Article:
Current Developments in the Chinese Sports Law Market 2018/19

Source:Jeffrey WilsonDate:2019-02-14


As China closed the door on the Year of Dog and looks forward to the Year of the Pig, here’s a snapshot of significant issues in China sports law for 2018 and where we may be going in 2019.


Perhaps coming as a shock to most of the sports and media world, whether live sporting events are protected by copyright is still not a settled issue in China. The Beijing Intellectual Property Court in April 2018 overturned a district court judgment to find that live football broadcasts are not copyrightable due to lack of originality. The case was brought by, which had exclusive rights from the Chinese Super League to stream games on its website.  sued , which had placed links on its own website to show the same games. The Beijing IP Court ruled that a live broadcast did not meet the criteria as a copyrightable “movie” because the simultaneous transmission of a live game did not require creativity on the part of the broadcaster and that no work was reduced to a fixed form before broadcast.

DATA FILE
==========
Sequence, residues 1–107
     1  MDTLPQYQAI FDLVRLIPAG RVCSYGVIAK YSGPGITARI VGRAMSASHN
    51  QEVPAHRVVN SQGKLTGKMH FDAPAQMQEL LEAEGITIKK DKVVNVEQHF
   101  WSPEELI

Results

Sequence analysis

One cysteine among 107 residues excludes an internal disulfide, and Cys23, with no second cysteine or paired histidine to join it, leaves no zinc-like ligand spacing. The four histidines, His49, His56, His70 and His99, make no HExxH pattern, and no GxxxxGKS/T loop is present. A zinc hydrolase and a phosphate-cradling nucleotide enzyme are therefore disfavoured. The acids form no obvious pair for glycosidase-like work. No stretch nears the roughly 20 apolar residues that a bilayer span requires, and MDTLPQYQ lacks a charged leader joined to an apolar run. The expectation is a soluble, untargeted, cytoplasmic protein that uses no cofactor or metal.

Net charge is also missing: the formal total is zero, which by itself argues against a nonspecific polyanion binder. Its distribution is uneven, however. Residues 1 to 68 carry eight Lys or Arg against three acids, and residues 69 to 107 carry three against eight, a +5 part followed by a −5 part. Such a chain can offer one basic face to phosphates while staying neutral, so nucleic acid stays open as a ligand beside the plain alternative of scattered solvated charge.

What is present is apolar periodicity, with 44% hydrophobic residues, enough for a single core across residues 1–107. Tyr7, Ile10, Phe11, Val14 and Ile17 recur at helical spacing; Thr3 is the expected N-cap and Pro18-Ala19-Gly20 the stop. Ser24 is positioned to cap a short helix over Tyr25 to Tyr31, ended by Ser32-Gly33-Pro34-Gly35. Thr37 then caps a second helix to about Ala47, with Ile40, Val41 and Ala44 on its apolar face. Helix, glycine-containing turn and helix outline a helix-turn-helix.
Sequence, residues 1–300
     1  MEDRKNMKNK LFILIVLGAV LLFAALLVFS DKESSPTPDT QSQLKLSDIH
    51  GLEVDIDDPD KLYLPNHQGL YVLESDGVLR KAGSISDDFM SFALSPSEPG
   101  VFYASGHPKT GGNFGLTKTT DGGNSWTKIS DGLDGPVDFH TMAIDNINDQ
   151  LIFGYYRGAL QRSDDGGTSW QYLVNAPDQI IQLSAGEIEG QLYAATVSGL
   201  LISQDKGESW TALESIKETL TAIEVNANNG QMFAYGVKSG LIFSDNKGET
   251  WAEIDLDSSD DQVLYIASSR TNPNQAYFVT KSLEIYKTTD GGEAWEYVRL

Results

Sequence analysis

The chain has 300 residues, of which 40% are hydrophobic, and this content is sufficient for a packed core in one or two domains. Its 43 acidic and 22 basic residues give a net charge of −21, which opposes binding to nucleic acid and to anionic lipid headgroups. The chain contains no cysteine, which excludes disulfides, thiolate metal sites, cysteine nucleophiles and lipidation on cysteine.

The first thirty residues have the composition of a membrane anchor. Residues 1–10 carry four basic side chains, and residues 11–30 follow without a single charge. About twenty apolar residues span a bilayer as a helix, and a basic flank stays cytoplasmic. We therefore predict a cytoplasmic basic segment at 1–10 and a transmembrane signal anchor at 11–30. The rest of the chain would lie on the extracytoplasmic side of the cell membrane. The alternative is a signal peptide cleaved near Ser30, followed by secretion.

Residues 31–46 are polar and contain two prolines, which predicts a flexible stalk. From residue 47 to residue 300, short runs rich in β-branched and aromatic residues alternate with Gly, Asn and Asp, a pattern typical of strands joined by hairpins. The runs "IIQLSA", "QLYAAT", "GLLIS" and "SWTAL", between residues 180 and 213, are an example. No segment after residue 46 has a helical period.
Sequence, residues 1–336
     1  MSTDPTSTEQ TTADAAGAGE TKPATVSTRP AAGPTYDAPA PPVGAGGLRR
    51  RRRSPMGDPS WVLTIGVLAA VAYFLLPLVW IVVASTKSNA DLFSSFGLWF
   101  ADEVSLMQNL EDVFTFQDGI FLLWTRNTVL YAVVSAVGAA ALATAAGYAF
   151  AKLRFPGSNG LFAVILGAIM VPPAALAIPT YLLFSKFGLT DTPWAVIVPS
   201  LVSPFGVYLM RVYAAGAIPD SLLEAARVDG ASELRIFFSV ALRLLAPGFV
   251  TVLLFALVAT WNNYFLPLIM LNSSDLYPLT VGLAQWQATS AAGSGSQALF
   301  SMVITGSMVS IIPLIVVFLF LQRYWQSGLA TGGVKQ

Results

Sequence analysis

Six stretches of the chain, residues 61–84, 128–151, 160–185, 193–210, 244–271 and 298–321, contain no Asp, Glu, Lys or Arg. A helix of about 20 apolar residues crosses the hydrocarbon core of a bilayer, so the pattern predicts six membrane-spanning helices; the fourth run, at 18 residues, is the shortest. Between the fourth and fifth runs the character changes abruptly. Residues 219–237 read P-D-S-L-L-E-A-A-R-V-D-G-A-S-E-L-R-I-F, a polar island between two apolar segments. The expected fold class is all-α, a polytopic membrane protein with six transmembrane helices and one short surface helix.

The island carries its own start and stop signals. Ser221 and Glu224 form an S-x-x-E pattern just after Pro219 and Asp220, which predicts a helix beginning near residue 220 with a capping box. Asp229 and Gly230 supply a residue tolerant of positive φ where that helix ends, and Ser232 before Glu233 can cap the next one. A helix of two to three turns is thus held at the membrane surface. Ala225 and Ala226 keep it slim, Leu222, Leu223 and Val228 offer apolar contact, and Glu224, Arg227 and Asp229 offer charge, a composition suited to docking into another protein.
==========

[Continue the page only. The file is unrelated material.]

Meanwhile, the Shanghai First Intermediate People's Court has found that because the flow of a sports match could not be controlled, predicted, and copied, and the creative aspects of a broadcast, such as the camera work and commentary are limited, a live match broadcast is not an "artwork" under the Copyright Law. Still, other courts have indicated that live broadcasts may be protect as “audio and video recordings”, but not as creative works.

Rebroadcasters have also challenged the ownership of the broadcasting rights, arguing that Article 67 of the FIFA Statutes is not legally binding (in contrast to the Berne Convention). As a result, FIFA, its member associations and confederations arguably are not the original owners of broadcasting rights of competitions and therefore do not have licensing rights.


The Supreme People’s Court and the General Administration of Sport are reportedly1 drafting an interpretation to the Criminal Law that would make doping a criminal offense. The criminal penalties, including jail terms, would supplement existing fines, bans and administrative penalties that can be imposed for doping violations. It is unclear whether mere possession of performance-enhancing drugs as well as their use and sale could be subject to criminal penalties. Also unclear is which drugs would be covered under the interpretation.

The change to the Criminal Law is expected to be in place in early 2019.